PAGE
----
Intel offers look at Core M processor using Broadwell config

Intel offers look at Core M processor using Broadwell config
14nm Package (codenamed 'Broadwell')

Intel on Monday provided details about the microarchitecture of the Intel Core M processor, which is the first product to be manufactured using 14nm technology. As such, the world is in for a taste of a 14-nanometer chip. AnandTech also said that "Core M will be launch vehicle for Broadwell and will be released for the holiday period this year." Intel executives provided some of the first details on the chips built using Intel technology. Providing some context to the event, CNET on Monday observed how Intel and other chip companies have been racing to advance processor technologies "by shrinking the geometries of the chips." CNET said the race looks as if Intel is ahead of the pack, with processors built at 14 nanometers, or billionths of a meter. AnandTech commented: "Intel appears to be back on track. 14nm is in volume production in time for Broadwell-Y to reach retail before the end of the year."

What does the Core M mean for manufacturers and consumers? CNET said, for one result, the Intel chip is to allow PC makers to build much thinner and lighter devices. In all, the Intel move to a14 nanometer chip from a 22-nanometer chip can translate into devices that are "thinner, lighter, more power-efficient, and don't need a fan," said CNET. The Wall Street Journal said, "The first chip based on the new production process—which is called the Intel Core M and based on a design called Broadwell —will be targeted at tablets and other devices that operate without a cooling fan but are as thin as nine millimeters or less.".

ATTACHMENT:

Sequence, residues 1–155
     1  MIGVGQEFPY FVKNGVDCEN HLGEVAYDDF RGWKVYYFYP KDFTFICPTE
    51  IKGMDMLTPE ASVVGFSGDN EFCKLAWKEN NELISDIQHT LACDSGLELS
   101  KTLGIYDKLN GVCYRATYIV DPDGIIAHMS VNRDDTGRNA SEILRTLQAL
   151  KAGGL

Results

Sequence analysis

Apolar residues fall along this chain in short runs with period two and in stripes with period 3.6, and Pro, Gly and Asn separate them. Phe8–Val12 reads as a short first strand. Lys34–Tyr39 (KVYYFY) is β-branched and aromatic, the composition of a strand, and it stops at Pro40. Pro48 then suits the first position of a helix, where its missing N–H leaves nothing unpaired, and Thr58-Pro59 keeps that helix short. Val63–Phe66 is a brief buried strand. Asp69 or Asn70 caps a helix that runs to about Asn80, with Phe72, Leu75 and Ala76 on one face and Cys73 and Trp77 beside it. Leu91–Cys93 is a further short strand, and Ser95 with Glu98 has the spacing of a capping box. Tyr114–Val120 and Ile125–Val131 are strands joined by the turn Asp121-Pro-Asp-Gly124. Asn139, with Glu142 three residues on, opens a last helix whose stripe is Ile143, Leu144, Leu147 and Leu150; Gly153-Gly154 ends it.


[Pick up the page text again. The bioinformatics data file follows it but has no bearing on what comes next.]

Intel's own statement said, "The combination of the new microarchitecture and manufacturing process will usher in a wave of innovation in new form factors, experiences and systems that are thinner and run silent and cool."

As for process, "Intel's 14 nanometer technology uses second-generation Tri-gate to deliver industry-leading performance, power, density and cost per transistor," said Mark Bohr, Intel senior fellow, technology and manufacturing Group, and director, process architecture and integration. "Intel's investments and commitment to Moore's law is at the heart of what our teams have been able to accomplish with this new process."

CNET noted the first systems using Core M will reach shelves for the holiday period, and the bulk of new devices will be available in the first half of 2015. Gizmodo remarked, "We'll most likely see Core M branding on the boxes of select tablet devices this holiday season with even more laptop and PCs hopping on board in early 2015."

In the bigger picture, AnandTech commented that "Intel's preview is very much a preview; we will see bits and pieces of Broadwell's CPU architecture, GPU architecture, and packaging, along with information about Intel's 14nm process. However this isn't a full architecture preview or a full process breakdown. Both of those will have to wait for Intel's usual forum of IDF." The Wall Street Journal also said that Intel plans to disclose more about the new technology and products based on it at the September event.

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